Michael Johnson
Technical Editor
October 10, 2016

Nothing in life is free. Some things you might receive for free, but there’s always a price to pay. Yes, we know the saying, “The best things in life are free,” but whoever said that didn’t register for Dream Giveaway’s two Shelby Mustangs. You read that right, you can win two Shelby GT350s; a 1967 model and the latest 2016, and have them in your garage.

First, the 1967 Shelby GT350 is powered by a 306 horsepower 289 with a four-speed transmission, and a 9-inch rear with a 3.89 gear. This was SOP for 1967. If you remember, the Mustang’s Hi-Po K-code was rated at 271 horsepower, and for Shelby to arrive at 306 horsepower, the K-code received a high-rise intake manifold, a Holley carburetor, and Tri-Y headers. See, even back then performance mods centered on intake and exhaust improvements.

There isn’t much better than a Candy Apple red 1967 Shelby GT350. Though the 2016’s Race red appears much brighter when the two cars are side by side, the ‘67’s exterior still draws a crowd simply because of its aggressive, muscular demeanor. All the requisite Shelby GT350 exterior touches are present, like the quarter window scoops, brake cooling scoops, rocker panel and Lemans stripes, and proper 10-spoke Shelby wheels wrapped in period-correct Goodyear Speedway 350 E70/15 large letter tires.
As you know, a 1967 Shelby GT350 should have a 306-horsepower 289 in it, and that is the case with the giveaway car, as well. The 289 found in 1967 Shelby Mustangs was a warmed-up, 271-horsepower, K-code 289, to which Shelby added a high-rise intake, a Holley 715cfm carburetor, and Tri-Y headers. Shelby Mustangs of this vintage were available with either a four-speed manual or a three-speed automatic.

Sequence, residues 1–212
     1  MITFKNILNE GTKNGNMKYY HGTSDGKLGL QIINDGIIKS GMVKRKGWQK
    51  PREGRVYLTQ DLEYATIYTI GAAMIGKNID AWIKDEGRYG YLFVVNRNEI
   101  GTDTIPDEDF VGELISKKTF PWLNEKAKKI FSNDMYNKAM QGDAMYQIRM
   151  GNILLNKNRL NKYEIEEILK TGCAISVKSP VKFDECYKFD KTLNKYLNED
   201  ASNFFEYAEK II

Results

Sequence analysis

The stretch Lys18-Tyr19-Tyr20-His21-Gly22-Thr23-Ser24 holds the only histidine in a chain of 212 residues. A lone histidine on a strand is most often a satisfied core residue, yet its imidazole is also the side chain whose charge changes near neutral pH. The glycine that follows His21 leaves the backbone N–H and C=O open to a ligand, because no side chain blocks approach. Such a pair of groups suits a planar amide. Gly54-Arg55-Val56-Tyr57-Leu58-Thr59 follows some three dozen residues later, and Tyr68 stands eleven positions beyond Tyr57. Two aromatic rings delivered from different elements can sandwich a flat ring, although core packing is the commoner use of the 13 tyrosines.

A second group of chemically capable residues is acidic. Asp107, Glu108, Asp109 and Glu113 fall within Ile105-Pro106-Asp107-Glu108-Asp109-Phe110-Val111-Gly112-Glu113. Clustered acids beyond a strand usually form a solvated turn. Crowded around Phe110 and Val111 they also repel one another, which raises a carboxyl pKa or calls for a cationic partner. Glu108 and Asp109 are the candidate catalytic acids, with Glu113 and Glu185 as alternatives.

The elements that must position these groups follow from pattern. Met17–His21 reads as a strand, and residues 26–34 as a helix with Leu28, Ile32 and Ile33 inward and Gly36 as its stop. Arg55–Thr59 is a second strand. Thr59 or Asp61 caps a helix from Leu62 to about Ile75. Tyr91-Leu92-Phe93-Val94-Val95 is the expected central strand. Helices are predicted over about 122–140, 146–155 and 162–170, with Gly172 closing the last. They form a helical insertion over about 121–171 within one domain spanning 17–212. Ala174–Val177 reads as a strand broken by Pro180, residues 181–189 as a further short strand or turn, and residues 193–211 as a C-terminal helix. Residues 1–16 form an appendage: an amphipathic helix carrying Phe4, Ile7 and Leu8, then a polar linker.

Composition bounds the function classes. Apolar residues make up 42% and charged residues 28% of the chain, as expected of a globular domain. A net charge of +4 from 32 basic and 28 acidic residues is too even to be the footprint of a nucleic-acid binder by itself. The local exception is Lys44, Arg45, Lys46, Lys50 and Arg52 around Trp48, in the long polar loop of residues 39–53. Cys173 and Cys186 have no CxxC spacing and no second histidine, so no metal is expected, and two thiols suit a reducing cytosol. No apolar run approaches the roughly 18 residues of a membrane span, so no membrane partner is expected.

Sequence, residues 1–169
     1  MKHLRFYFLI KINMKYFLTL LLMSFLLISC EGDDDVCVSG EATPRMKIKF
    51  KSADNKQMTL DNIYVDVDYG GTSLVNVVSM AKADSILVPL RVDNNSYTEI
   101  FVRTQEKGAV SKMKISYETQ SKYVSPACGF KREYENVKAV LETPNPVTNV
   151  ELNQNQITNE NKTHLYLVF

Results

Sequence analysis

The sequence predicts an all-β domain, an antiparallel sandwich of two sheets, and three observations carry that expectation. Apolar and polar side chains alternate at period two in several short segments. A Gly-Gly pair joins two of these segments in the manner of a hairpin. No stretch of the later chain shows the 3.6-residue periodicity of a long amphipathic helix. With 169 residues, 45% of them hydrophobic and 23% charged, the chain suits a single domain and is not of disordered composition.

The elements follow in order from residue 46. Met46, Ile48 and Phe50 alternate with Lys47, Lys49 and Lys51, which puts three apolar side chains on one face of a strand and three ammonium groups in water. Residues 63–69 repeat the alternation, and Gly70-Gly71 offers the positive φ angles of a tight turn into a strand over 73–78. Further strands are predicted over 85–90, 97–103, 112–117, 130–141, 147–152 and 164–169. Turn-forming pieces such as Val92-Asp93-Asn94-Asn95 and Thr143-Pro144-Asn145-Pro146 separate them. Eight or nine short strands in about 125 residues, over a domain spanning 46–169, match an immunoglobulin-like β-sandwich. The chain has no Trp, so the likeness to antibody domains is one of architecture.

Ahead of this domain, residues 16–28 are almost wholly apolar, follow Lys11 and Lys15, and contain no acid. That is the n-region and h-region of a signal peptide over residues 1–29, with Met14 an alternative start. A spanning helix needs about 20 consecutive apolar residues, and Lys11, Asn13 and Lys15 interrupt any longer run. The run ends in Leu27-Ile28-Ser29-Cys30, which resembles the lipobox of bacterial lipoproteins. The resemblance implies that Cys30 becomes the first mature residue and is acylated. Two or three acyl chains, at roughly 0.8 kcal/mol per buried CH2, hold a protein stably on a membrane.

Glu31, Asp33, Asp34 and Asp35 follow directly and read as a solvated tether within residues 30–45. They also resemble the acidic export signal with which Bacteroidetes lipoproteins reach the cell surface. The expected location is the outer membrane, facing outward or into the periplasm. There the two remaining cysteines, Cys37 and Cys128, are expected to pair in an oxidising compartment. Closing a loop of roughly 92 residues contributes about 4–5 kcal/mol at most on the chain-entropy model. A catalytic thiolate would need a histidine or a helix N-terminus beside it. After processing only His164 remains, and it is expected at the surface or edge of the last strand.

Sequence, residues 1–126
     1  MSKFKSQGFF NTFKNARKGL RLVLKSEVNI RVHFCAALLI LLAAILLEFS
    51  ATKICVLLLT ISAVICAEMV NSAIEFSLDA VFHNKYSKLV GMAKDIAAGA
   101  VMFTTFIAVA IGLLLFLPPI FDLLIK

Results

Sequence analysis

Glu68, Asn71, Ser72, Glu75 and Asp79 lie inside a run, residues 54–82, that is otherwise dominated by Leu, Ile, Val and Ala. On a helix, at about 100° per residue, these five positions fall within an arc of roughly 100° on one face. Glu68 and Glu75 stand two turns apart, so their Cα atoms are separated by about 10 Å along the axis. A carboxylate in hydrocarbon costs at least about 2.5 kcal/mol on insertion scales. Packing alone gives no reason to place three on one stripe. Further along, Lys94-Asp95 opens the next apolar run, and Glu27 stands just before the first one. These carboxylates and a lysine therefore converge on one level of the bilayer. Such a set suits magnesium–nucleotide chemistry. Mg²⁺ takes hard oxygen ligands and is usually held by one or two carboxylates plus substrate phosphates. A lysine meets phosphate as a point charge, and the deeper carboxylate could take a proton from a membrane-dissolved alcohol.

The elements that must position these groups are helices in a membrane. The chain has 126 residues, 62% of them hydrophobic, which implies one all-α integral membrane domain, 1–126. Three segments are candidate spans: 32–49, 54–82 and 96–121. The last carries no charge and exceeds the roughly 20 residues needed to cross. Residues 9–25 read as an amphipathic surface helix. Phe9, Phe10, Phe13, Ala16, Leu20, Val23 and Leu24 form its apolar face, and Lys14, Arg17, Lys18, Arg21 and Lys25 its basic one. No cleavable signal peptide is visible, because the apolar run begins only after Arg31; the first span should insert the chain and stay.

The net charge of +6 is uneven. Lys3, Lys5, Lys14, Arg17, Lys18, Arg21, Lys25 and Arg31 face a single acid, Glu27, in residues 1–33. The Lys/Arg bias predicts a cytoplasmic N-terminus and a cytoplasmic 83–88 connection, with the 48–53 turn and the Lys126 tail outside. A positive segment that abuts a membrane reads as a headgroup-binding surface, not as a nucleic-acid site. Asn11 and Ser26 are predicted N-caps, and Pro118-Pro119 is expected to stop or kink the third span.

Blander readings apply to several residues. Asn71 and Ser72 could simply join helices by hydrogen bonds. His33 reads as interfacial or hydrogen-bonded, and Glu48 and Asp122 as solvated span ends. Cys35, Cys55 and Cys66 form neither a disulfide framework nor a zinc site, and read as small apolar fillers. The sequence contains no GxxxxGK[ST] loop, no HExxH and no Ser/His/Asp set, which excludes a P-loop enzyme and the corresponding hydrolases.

This was the top of the line interior for 1967. The Shelby’s deluxe interior features an 8,000 rpm tach, Stewart Warner oil pressure and amp gauges, the classic wood steering wheel, a fold down rear seat, and an AM radio.

This particular Candy Apple red GT350 set back the original owner $3,759, and was ordered with power steering, power disc brakes, shoulder harnesses, a fold down rear seat, deluxe wheels, and an AM push-button radio. Indicating a sign of that time, for $1.20, Shelby American put four gallons of gas in the car. Today, that would get you half a gallon of gas, if you’re lucky. The AM radio cost $44.

These days, we’re way past pushrods, 306 horsepower, and AM radios, especially when it comes to the latest Shelby GT350. Today’s Shelby GT350 comes with a 5.2-liter, flat-plane crank, 526-horsepower mill with electric cut-outs in the tailpipes for when you want to hear some nice tunes. The early Shelby’s solid-lifter 289 was capable of good RPM, but not anywhere near the 8,250 rpm redline in the new GT350.

We’re also way past four-speed transmissions with the new GT350. The 2016 model features a Tremec 3160 six-speed manual capable of providing fun blasts to the grocery store, or comfortable runs down the highway. With 3.73 gears combined with the close-ratio six-speed manual, and 1:1 fifth gear, rapid acceleration is always just a stab of the throttle away. And with a Torsen limited-slip differential, you won’t be a member of the one-wheel peel club. To make it easier to leave a pair of black marks, don’t forget, the car features a Line-Lock. This feature will allow you to remove a few hundred miles from your tires in a short 15 seconds.